W7GST, PE1KWE, N0TZU and 4 others like this.
  5. K6CLS

    K6CLS Ham Member QRZ Page

    good news, all around!! thanks so much.
     
    PE1KWE and K0UO like this.
  6. K0UO

    K0UO Platinum Subscriber Platinum Subscriber QRZ Page

  7. IU0LRV

    IU0LRV Ham Member QRZ Page

    Very Good From IU0LRV an Italian Ham Radio.73 de IU0LRV.
     
  8. SM0AOM

    SM0AOM Ham Member QRZ Page

    I am one of those, and this is because I have experienced its effects at close range.

    To start with, amateur radio is completely dependent on regulation for its very existence.

    upload_2019-8-31_19-3-9.png

    Try to imagine for a minute a situation where all spectrum regulation suddely vanishes, leaving us to "Wild-West" , "Might makes Right" or "Dog-eat-dog" scenarios when it comes to spectrum privileges.

    Amateur radio would be shoved out of the way from the more attractive parts of spectrum in no time, and there would be no recourse, legal or otherwise.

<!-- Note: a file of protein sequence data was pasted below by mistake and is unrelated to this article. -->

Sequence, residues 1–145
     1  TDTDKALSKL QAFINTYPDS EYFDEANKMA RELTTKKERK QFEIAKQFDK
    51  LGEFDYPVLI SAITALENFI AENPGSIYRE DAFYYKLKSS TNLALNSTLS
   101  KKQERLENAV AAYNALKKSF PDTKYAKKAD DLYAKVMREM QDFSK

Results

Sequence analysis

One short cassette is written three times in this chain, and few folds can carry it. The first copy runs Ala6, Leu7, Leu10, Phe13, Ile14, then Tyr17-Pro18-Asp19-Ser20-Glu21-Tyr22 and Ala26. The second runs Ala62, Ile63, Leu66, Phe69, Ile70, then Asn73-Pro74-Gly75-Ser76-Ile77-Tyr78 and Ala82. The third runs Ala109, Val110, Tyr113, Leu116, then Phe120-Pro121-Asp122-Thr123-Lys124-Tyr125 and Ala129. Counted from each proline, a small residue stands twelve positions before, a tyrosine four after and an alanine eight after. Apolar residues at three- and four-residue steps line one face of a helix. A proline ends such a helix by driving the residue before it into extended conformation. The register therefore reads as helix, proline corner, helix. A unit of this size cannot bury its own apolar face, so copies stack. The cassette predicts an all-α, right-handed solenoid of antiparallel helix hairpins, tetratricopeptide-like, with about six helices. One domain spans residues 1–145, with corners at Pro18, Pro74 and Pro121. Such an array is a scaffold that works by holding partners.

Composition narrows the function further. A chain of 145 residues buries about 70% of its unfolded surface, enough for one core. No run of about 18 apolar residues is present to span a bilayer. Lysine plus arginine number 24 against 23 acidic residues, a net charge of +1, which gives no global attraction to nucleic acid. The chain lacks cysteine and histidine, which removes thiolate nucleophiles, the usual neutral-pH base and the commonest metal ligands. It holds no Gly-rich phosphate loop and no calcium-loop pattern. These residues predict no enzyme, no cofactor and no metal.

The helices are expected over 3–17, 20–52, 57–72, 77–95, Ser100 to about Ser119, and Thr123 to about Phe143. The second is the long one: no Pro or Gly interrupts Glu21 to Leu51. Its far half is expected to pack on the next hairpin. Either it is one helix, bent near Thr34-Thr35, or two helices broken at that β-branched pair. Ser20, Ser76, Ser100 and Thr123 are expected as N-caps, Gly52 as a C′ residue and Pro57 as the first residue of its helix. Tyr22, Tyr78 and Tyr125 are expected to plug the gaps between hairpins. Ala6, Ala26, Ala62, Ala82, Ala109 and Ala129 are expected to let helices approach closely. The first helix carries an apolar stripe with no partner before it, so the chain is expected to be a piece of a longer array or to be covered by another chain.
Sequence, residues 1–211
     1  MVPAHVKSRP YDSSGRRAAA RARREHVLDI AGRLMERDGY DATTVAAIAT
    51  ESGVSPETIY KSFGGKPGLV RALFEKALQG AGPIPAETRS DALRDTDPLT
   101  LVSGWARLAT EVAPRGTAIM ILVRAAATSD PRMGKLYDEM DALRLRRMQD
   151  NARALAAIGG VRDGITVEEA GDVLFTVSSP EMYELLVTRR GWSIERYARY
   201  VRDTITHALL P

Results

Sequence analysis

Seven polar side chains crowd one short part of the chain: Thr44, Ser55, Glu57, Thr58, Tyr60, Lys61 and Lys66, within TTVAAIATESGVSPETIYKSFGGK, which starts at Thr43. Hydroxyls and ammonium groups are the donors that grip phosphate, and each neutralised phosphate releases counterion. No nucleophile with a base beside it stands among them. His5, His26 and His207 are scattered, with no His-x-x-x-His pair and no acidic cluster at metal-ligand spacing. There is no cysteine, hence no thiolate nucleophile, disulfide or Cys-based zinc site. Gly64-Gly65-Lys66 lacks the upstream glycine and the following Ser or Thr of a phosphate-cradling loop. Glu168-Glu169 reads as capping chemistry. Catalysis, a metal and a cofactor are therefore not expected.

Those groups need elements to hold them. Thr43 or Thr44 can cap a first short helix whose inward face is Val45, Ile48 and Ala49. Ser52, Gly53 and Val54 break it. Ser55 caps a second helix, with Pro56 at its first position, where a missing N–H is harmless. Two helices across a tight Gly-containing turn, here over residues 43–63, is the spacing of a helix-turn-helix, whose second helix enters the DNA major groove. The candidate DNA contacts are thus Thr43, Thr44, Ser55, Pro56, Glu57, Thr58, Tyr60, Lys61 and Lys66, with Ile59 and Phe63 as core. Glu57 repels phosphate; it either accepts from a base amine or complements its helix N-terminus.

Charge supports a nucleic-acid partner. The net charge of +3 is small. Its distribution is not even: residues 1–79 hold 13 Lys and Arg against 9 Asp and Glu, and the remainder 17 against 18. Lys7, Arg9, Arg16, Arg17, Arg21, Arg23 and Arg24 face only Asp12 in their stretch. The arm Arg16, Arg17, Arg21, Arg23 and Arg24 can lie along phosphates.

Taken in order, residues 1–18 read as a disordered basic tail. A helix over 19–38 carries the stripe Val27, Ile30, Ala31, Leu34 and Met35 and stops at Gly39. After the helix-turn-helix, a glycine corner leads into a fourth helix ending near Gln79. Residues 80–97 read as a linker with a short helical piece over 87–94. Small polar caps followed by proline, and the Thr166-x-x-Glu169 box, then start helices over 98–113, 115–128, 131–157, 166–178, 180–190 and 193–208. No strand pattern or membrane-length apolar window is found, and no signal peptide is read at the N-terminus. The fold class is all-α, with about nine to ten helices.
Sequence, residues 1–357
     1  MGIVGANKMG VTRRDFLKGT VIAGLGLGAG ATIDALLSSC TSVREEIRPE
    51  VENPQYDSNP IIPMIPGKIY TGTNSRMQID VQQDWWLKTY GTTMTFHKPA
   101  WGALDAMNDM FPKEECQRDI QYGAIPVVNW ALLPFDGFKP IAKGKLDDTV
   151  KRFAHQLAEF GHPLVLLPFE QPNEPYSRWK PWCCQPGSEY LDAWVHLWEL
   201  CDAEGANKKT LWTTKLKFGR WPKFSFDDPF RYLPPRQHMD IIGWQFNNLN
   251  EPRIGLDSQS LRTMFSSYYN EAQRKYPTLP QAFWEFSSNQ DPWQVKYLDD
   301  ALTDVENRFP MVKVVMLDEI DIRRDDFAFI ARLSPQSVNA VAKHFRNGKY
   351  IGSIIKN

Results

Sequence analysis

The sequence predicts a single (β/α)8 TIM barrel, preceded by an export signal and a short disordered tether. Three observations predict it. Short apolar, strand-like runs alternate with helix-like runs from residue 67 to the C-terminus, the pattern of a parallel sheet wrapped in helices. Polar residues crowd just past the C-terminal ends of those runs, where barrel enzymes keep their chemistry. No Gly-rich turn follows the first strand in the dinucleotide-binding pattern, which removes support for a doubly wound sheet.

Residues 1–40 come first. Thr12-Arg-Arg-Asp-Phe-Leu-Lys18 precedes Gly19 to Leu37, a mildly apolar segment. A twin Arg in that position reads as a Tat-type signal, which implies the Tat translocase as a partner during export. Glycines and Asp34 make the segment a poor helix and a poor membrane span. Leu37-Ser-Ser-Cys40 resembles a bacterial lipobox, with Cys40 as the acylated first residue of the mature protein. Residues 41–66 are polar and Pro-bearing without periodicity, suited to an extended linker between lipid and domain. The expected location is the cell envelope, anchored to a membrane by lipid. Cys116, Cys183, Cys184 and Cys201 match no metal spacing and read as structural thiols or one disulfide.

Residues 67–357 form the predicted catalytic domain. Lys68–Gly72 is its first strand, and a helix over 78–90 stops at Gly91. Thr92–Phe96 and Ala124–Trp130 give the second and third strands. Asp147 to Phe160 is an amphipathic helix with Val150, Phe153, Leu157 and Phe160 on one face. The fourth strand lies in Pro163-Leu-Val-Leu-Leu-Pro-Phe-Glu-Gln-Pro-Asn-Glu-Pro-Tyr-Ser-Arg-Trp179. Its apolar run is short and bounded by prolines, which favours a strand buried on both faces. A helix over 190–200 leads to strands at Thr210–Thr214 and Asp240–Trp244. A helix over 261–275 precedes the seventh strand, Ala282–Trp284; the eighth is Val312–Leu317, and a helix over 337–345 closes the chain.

upload_2019-8-31_19-2-44.png

    This was what the great Hiram Percy Maxim understood, and he joined forces with Secretary of Commerce Herbert Hoover in the mid 20s. Hoover, who was a quite capable engineer and administrator but a lousy political figure, made up some early spectrum regulation, "the Hoover Plans" which became the template for the first really international spectrum allocation conference in Washington 1927.

    Here the Hoover/ARRL plan for amateur radio spectrum was able to be "sold" to the rest of the world's countries.

    upload_2019-8-31_19-0-11.png

    The 1927 Conference came at exactly the right time,just before the real breakthrough of HF broadcasting and point-to-point circuits. Had it come just a year or two later it is very likely that the commercial pressure would have reduced the global amateur spectrum to just nothing.

    Hoover, in an indirect way, also became influential in making amateur radio grow. His actions at the onset at the beginning of the Great Depression made the economic down-turn worse, which in a strange way increased the number of radio amateurs grow in the early/mid 30s when millions of jobless went idle and looked for a cheap pastime.

    In the even greater perspective, the Great Depression lead to the downfall of the democracies in Europe and to the outbreak of WW2.

    The Allied victory in WW2 saved international amateur radio, which otherwise would have lead a very precarious existence if the dictatorships would have prevailed.